Catholic Woman’s Almanac {CWA} Vol. 18

Happy Feast of Sts. Simon and Jude

simonandjude

CWA Time people!!! One of my favorite days of the week around here (I love Sundays too) Link up time over at Suscipio! Pretty self-explanatory, just respond to the bold items and link up!

day_planner2

Gratitude
::grace
::courage to be vulnerable
::the homily yesterday on the Pharisee and the Tax Collector
::the comfort of rice and beans w/sliced avocado
::friendship
::super strong coffee
::breathing
::rosary cards in the mail

Praying
::I am praying for me. I need it. I usually do not take up all the prayer for myself. I am going through some stuff. I am trying. I am offering it all up in prayer.
::On Friday, I did go to mass, pray the rosary, Divine Mercy Chaplet and spent time in adoration for any intentions left here though. That doesn’t change.

Thinking and Reflecting
That 90 minutes is more than enough time for a truly spiritual mini retreat. I decided on my day off, to go to mass and stay behind after to pray the rosary. Turned out that there is a group that prays there after 8:30AM mass and then the Divine Mercy Chaplet, right in front of the Blessed Sacrament. I stayed after in the silence and just looked back at our Lord in the Eucharist. I didn’t think, I didn’t try to talk “at” Him. I just sat there and stayed with Him. Then I looked up at the crucifix, and back down to the monstrance. I continued that for about 20-30 minutes. After that, I went to light some candles for my husband and I, my children, a couple of very close friends and all of your intentions. I filled out some spiritual bouquet promises for our priests for World Appreciation Day for Priests. I want to do this more often. My day was definitely brighter as a result.
One last reflection for you. Included above those tear-offs was a wonderful piece about what priests are that I would like to share with you, written by Father Thomas E. Langer (published by Open Sunday Visitor, March 13, 1960):

Priests are mystery men. They come in assorted sizes, ages, weights and collars. They are found everywhere – speeding along, perspiring over, walking by, kneeling on, praying over, laughing with, preaching to, teaching about, pardoning for, and playing baseball with. Little children run to them; teenagers marvel at them, aged folk turn to them; lay people treasure them; non-Catholics stare at them; and Mary watches over them.A priest is Prudence in a T-shirt; Fortitude with a breviary in his hand; Justice on a ball diamond; and Temperance at any party. He is Faith with a blueprint; Hope with a sense of humor; and Charity with a golf club in hand.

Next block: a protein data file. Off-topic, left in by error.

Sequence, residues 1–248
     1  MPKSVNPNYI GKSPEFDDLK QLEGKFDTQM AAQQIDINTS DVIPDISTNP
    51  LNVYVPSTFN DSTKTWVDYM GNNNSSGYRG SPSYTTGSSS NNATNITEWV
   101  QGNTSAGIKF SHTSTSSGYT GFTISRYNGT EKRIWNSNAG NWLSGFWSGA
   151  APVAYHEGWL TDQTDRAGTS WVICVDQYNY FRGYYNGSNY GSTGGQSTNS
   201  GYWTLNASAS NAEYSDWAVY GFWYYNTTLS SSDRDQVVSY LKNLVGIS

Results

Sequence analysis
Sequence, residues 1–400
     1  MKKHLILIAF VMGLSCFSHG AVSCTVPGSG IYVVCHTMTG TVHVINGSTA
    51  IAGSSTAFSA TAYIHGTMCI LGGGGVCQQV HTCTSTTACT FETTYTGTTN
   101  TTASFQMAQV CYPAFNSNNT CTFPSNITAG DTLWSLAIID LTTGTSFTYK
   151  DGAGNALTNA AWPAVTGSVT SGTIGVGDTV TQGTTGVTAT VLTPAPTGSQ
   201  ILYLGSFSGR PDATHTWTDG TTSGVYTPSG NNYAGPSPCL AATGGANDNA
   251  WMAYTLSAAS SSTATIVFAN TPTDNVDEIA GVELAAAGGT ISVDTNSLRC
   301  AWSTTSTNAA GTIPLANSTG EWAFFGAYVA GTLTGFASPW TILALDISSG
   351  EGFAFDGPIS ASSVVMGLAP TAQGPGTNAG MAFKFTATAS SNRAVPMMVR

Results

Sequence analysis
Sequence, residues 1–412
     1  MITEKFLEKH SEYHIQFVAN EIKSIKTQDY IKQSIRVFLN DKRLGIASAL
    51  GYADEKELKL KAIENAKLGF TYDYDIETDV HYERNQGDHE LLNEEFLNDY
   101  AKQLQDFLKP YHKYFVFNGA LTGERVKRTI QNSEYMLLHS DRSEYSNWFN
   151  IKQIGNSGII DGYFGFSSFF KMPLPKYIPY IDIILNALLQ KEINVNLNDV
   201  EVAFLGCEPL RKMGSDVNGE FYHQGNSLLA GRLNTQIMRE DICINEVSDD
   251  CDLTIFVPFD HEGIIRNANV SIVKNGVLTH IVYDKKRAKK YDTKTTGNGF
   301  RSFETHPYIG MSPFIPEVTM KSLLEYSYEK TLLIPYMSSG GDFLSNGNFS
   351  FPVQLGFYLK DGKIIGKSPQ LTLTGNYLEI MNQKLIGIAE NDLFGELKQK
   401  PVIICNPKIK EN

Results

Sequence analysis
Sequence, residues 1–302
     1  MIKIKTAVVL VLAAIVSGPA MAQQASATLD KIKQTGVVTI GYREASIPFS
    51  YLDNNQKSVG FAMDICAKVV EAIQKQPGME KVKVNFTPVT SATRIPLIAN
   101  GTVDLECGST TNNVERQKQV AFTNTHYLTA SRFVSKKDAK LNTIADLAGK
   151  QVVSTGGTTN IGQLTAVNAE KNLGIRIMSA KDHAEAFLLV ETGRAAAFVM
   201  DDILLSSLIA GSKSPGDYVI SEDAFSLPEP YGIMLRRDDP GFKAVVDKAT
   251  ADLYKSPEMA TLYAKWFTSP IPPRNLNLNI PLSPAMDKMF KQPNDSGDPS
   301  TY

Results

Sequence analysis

A priest may be anything from a contemplative monk in a monastery to a magazine editor on Wall Street, from a labor mediator to a TV personality, from a student to a professor. Formerly known as the boy-around-the-corner, he’s a member of each family, yet belongs to none. He penetrates secrets, shares sorrows, heals wounds. He has the trust of a child, the kindness of a best friend, the sternness of a tight-rope walker, the authority of an encyclopedia, the versatility of a commando, and the salesmanship of a Fuller-Brush man.

A priest is a humble creature – a mystifying worker at all professions. His hours are the longest; his salary the smallest; his Boss the best! He likes good pastors, the smiles of children, a good sermon, a home-cooked meal, and the name “Father”.

A priest is all things to all men in the sight of God. He may be misquoted, mistaken and misunderstood, but he’ll always forgive – because he’s a mediator; a peacemaker, a go-between heaven and earth. It’s no wonder God loves him. He’s a man standing at an altar, clothed in Holy clothes, who while being aware of his own nothingness speaks to God for us and to us for God. And although his greatest act is to offer sacrifice, his most consoling one is to say to me, “Go in peace – Your sins are forgiven.” (bold is my own emphasis)